One final note of interest come from Longoria's promotional material. Promotional material is often little more than propaganda and is not all that trustworthy, but the following statement resonates given the Longoria wines I've tasted: "My goal has always been to discover the 'grand cru' vineyards in our region and to work with their owners to grow the best possible grapes every year." Implicit in this statement is an appreciation of the French model where certain vineyards are designated as Great Growth, First Growth, Second Growth, First Great Growth, et cetera based on their established reputation over decades if not centuries. There's a certain anti-democratic sentiment to a system that legislates greatness via legal designation, but there's also an undeniable truth that certain sites are better than others. In this sense, Longoria's wines combine the best qualities of Old World and New World wines. There's a respect for the terroir and for specific vineyards, yet because Santa Barbara County is still very young as a wine region, an ambitious winemaker by nature must constantly be evaluating his sources. Longoria does have an top-notch estate vineyard, Fe Ciega, where he grows Pinot Noir and Chardonnay in the Santa Rita Hills, but otherwise sources from others' vineyards. He purchases Cabernet Franc, for example, from Alisos Vineyard in Los Alamos, and based on my experience with several other producers' Alisos Cab Franc, as well as the Los Alamos region in general, this may well be a 'grand cru' vineyard for Cabernet Franc. Moreover, the reputations of the vineyards from which Rick Longoria sources his Pinot Noir speak for themselves.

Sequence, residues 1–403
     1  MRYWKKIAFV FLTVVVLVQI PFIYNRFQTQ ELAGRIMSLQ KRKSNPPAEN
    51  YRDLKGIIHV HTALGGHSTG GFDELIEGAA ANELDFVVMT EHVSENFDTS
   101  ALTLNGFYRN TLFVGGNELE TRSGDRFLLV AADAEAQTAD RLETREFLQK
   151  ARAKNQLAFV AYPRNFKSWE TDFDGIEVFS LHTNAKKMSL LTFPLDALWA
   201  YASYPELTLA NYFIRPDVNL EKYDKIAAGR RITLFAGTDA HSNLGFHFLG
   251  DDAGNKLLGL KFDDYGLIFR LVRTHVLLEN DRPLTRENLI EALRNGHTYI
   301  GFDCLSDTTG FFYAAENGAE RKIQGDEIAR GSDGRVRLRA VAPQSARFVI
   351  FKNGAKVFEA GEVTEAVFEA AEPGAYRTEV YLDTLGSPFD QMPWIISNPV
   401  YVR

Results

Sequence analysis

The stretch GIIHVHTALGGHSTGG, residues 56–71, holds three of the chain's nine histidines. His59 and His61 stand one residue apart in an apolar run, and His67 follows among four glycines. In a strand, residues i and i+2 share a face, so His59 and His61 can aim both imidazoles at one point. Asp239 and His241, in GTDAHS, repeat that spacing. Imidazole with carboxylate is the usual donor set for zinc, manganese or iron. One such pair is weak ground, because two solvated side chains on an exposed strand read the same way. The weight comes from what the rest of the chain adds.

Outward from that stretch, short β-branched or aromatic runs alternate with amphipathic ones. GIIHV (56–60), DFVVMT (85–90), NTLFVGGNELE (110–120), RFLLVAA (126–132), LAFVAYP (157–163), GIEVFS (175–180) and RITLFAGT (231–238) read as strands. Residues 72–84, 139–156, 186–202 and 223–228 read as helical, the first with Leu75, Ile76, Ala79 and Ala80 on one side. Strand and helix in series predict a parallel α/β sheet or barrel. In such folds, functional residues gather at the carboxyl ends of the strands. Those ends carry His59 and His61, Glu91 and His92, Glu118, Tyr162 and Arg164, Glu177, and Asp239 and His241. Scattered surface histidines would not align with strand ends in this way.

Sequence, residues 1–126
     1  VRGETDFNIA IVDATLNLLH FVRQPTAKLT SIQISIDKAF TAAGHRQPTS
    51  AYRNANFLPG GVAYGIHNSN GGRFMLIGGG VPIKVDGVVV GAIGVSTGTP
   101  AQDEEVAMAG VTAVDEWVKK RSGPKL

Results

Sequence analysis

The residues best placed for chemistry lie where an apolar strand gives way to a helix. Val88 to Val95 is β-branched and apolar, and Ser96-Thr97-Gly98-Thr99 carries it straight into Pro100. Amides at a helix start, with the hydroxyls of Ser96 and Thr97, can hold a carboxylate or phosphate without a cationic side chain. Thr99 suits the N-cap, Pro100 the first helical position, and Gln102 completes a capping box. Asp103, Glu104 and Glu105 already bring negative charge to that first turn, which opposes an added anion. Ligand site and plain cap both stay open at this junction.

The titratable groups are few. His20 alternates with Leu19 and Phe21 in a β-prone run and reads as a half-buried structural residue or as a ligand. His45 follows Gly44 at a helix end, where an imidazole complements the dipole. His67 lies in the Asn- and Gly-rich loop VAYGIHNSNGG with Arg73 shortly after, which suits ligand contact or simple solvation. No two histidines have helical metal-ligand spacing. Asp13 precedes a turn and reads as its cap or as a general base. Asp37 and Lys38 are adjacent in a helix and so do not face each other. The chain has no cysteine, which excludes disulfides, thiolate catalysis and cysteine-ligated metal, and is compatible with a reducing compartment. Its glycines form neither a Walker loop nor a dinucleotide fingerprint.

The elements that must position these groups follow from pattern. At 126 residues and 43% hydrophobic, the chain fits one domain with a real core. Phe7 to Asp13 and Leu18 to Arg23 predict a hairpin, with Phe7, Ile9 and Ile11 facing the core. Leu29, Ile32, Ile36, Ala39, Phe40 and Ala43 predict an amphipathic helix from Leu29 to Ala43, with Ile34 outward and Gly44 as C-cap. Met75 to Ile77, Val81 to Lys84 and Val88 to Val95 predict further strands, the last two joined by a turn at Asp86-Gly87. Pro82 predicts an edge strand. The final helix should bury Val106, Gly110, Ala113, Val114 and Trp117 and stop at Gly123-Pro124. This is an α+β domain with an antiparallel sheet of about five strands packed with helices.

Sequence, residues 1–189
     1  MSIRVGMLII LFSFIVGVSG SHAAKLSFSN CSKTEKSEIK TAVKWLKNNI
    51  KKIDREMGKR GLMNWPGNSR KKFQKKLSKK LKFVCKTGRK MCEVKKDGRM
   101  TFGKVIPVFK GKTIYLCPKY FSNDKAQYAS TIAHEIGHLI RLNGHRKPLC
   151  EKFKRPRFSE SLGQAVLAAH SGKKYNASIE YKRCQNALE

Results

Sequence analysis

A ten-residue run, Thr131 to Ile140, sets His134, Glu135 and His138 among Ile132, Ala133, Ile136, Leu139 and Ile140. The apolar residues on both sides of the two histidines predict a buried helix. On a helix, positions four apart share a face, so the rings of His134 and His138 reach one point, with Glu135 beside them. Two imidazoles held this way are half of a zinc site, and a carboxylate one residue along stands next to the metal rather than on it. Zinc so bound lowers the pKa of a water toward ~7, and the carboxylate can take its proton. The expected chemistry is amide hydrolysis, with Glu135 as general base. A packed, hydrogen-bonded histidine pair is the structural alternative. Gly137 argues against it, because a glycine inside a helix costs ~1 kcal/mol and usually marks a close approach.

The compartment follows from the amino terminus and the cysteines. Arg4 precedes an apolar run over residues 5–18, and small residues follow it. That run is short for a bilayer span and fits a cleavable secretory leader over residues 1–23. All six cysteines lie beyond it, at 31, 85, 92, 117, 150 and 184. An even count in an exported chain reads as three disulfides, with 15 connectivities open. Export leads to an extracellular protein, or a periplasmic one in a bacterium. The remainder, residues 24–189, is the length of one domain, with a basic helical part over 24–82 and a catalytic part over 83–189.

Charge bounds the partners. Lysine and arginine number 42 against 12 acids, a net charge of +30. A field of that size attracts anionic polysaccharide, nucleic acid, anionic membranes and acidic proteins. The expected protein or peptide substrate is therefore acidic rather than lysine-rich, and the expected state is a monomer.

I suppose that exposition is a bit longwinded, and what really matters is in the bottle. But this synthesis of Old and New World does extend to the finished wines. Perhaps what I've enjoyed most in Longoria's wines is the combination of classical, Old World structure with the layers of rich flavors typical in California wines. He's not trying to produce one-dimensional blockbusters, nor is he trying to duplicate a French model that likely does not apply in a vastly different climate. His wines are substantial, yet not exaggerated, and have sufficient acidity and tannin to hold up over the long run. This style simply seems right, and what better way to vote as a consumer than to patronize a business whose approach you appreciate.